Access from Any (Verified) Device

The productivity gains can’t just come from lugging around a laptop from place to place—even if TSA Precheck makes it easier to transport your laptop. You need not only browser friendly accounting, but mobile-friendly as well, so you can use your software anywhere, anytime, from any device—from smartphone to tablet to desktop.

Unlike solutions that have merely adapted their 20-year old screen for a browser, modern accounting software offers a cloud-native UI that was designed from the start to offer a modern, intuitive user experience. Intacct was designed for the cloud and built for browser access to provide access with no sacrifices to functionality.

Guaranteed Uptime

Emergencies happen, books need to close, and sometimes you need to be working at unfortunate times to get things done (even if modern accounting automates many of the processes that would cause delays). Knowing this, it’s important to know that anytime means anytime, whether it’s 9 in the morning or 11 at night. Modern accounting solutions should be able to guarantee you access at all times, with minimal downtime.

Intacct offers a guarantee of 99.8% uptime (less than 18 hours down a year) and backs it up with financial guarantees, but this isn’t a worry, as the company far exceeds this and has provided an average of 99.982% uptime over the past year. This translates to 94 minutes—over the past year.

Confidence That Only Verified Users Have Access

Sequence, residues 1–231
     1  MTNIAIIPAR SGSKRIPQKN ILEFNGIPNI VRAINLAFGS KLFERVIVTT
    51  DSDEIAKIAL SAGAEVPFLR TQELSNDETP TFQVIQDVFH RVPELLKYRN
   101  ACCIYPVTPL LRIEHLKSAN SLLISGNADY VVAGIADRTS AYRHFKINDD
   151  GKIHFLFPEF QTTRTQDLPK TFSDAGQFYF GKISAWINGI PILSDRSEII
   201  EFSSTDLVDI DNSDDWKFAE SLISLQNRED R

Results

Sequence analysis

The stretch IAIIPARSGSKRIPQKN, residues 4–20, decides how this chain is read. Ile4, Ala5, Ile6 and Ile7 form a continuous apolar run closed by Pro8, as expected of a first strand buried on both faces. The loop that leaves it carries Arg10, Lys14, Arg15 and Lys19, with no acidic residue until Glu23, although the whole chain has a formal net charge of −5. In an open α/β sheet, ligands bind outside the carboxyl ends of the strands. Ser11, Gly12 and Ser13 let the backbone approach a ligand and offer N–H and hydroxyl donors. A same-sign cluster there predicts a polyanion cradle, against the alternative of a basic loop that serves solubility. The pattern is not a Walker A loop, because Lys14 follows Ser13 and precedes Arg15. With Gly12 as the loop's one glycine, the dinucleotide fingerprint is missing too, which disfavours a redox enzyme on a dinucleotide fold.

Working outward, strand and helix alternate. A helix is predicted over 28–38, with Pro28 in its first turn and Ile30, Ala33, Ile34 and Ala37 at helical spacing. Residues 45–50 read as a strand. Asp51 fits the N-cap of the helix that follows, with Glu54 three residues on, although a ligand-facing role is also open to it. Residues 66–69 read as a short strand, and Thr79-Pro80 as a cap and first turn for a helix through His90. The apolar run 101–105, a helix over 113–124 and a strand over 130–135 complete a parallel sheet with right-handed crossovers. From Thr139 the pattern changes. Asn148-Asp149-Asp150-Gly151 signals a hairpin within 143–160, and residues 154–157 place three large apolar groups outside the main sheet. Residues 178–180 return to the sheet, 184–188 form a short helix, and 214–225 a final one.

With all of these promises of anytime, anywhere access, it should go without saying, it doesn’t mean anyone should have access as well. A modern accounting solution should take steps to prevent your financial data from prying eyes—whether that’s from the “Russians” or a disgruntled former employee.

Solutions like Intacct offer important safeguards on the user logon side like multi-factor authentication, approved IP address lists, granular control of who has access to what, and enforced password changes in order to protect the information you entrust with the software.

Learn More: Intacct is More than Anytime, Anywhere Access

Of course, it’s nice to have anytime, anywhere access, but if that was all you need, you’d be fine using Excel on OneDrive for finance. Intacct is much more than that, and has been used by companies of all sizes—from the nonprofit with a finance team of one to the publicly traded multinational corporation with a finance team of thousands. Used by over 11,000 customers, Intacct provides feature-rich, user-friendly, and easily integrated accounting software. Learn more by downloading the Buyer’s Guide to Accounting Software and by signing up for Not Your Mother’s Chart of Accounts—Modern Day Accounting Applications on March 14.

Suite vs Best of Breed

Finance’s Guide to the Suite vs. Best of Breed Debate

It’s a question that has caused a great deal of animosity between decision makers, challenged project teams, and hurt software implementation projects over the past four decades. Highly politicized and often subject to technological shifts, the suite vs. best of breed/best-in-class debate has raged on since the 1970s at businesses of all sizes, industries, and missions. Read more